6 articles Publications

Phylotree 17 available


After exactly 2 years, Phylotree, the “database” behind HaploGrep got updated by Mannis van Oven. Here’s the accompanying publication on Phylotree 17 . The mtDNA tree has now 5,437 haplogroups, which is a growth of over 13% to the previous version. Find out how Phylotree 17 differs for your dataset, by using the updated HaploGrep 2 Version, with the latest mtDNA tree build 17.




1000G Phase 3 mtDNA data available


The 1000 Genome Consortium recently released the Phase 3 mitochondrial DNA data of over 2,500 samples for download, besides their papers in Nature, stating:

Mitochondrial chromosome variants are now available for the Phase 3 individuals from our FTP site

Since in the current Version HaploGrep 2 can deal with the VCF file (unzipped), all 2500 samples can be analyzed instantly

New Feature: Tree-based visualisation of haplogroups


Within the new HaploGrep 2.0 Beta version some new export formats are now supported. One of the most powerful is the export of a phylogenetic tree, representing the current profiles loaded into HaploGrep. This feature generates almost publication-ready  phylogenetic trees. We used them with almost no modification (some color-highlighting in Inkscape) – please see [1].

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Importing VCF file to HaploGrep 2.0


With the establishment of NGS-Devices and the resulting data flood, new file formats such as FASTQ, SAM, BAM or VCF became de-facto standards in the bioinformatics data world.
Especially the VCF-file containing the variants became of special interest in the user requests lately. There are some python scripts available, that convert a VCF file to a HaploGrep hsd file, as well as a publication with a tool that dedicates itself to this topic. To simplify your life, we decided to implement the VCF file import directly into HaploGrep2. You can give it a try with the 1000 Genome mtDNA VCF file from Phase 1:

1000G Phase 1 VCF File


rCRS vs. RSRS vs. HG19 (Yoruba)

It’s not always straight forward when working with the human mitochondrial DNA, even if it comes to the question: “what reference sequence do you use?” There should be just one reference and the questions therefore obsolete – what however is not the case.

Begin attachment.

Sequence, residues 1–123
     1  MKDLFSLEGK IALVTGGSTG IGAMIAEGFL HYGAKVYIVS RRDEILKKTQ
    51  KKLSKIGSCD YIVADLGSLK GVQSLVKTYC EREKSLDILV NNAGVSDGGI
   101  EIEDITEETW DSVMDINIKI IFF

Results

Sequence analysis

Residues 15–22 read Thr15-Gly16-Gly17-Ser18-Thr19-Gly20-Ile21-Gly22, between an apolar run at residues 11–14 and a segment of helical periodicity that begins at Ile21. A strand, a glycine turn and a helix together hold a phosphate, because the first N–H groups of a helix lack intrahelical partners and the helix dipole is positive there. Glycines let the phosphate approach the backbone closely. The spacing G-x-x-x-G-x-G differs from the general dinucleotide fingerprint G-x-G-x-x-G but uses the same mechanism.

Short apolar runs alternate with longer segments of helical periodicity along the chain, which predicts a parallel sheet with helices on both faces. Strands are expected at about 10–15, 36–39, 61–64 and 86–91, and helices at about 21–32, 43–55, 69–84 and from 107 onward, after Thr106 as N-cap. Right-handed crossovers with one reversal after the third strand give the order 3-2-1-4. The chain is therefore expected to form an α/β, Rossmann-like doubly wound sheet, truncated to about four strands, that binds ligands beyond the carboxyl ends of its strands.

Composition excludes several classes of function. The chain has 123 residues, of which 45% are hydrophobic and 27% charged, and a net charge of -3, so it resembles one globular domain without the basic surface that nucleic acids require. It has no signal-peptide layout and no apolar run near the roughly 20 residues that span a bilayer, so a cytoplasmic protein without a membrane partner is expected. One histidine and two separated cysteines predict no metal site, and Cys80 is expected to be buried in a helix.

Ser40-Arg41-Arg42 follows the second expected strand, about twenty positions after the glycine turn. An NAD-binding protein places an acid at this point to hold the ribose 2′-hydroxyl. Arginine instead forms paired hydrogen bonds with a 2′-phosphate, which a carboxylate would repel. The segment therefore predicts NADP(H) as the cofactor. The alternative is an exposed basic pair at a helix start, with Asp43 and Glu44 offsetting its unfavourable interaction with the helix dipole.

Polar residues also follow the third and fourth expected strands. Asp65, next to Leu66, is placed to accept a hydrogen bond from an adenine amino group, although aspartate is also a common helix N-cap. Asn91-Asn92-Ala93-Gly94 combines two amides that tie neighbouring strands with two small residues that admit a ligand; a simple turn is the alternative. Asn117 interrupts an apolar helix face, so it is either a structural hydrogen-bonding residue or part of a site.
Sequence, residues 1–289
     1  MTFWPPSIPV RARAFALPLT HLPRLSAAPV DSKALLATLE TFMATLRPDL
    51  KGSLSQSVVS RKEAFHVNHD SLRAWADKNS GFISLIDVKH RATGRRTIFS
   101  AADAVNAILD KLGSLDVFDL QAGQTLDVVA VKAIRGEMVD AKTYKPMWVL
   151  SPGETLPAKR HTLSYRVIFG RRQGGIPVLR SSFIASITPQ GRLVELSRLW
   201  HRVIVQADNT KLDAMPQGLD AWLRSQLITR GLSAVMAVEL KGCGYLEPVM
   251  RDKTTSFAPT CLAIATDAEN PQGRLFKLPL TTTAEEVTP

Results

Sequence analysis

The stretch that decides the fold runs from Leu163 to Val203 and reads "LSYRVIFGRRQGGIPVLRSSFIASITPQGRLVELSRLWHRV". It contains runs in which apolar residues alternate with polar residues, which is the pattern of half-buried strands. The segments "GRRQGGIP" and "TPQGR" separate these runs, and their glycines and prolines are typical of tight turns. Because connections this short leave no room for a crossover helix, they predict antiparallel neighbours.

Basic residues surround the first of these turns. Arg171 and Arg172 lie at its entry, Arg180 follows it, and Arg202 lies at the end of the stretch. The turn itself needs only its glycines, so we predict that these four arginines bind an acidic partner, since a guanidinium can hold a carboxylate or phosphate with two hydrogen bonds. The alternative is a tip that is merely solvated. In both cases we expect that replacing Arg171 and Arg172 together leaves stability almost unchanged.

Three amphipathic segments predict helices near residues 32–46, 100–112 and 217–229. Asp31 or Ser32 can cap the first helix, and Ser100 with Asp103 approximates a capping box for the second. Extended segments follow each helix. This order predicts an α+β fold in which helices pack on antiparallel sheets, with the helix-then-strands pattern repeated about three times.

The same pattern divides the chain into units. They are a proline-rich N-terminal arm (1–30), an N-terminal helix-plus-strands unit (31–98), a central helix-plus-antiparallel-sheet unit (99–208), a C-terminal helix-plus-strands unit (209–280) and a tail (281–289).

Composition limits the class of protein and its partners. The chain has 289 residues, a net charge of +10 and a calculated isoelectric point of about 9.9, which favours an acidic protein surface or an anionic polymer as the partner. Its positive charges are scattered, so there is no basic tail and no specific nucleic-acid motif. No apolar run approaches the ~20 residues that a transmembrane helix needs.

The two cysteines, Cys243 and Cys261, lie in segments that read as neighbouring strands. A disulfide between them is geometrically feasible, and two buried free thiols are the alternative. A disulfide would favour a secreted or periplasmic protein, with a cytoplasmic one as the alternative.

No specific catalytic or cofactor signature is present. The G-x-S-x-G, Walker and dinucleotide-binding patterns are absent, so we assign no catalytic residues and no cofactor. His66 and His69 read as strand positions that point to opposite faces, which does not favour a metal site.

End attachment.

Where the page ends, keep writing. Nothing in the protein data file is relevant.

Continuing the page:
Since the first sequencing of the human mitochondrial genome by Anderson et al. in 1981 the length was defined to be 16,569 base pairs naming it Cambridge Reference Sequence. Even if some years later errors in this first sequencing were corrected by Andrews et al. in 1999, (Genbank NC_012920.1) the new revised Cambridge Reference Sequence (rCRS) was kept the same length – although a deletion on 3107 was found, it was kept by introducing an N. So the 3107N is basically a deletion, kept so that the positions on CRS and rCRS are still comparable.
From many aspects, the choice of an european Haplogroup (H2a2a1) being the reference sequence is not the best one. Therefore Behar et al. proclaimed a new reference sequence in 2012 – a hypotetical one – the so called Reconstructed Sapiens Reference Sequence preserving the historical genome annotation numbering, but not starting with an leaf-sequence in the phylogenetic tree as is the case with the rCRS, but with a “mitochondrial Eve” as root. The two base insertion on 523-524 are represented as NN instead of AC, therefore the RSRS has 3 N positions (523N, 524N, 3107N). Mannis, the father of Phylotree made this table showing the differences between rCRS and RSRS.

We didn’t however change to the RSRS, since we agree with Bandelt et al., that an additional reference sequence causes confusion. But there’s yet another mtDNA reference sequence around, you should be aware of – present in GRCh37/ UCSC Hg19 or the older GRCh36/UCSC Hg18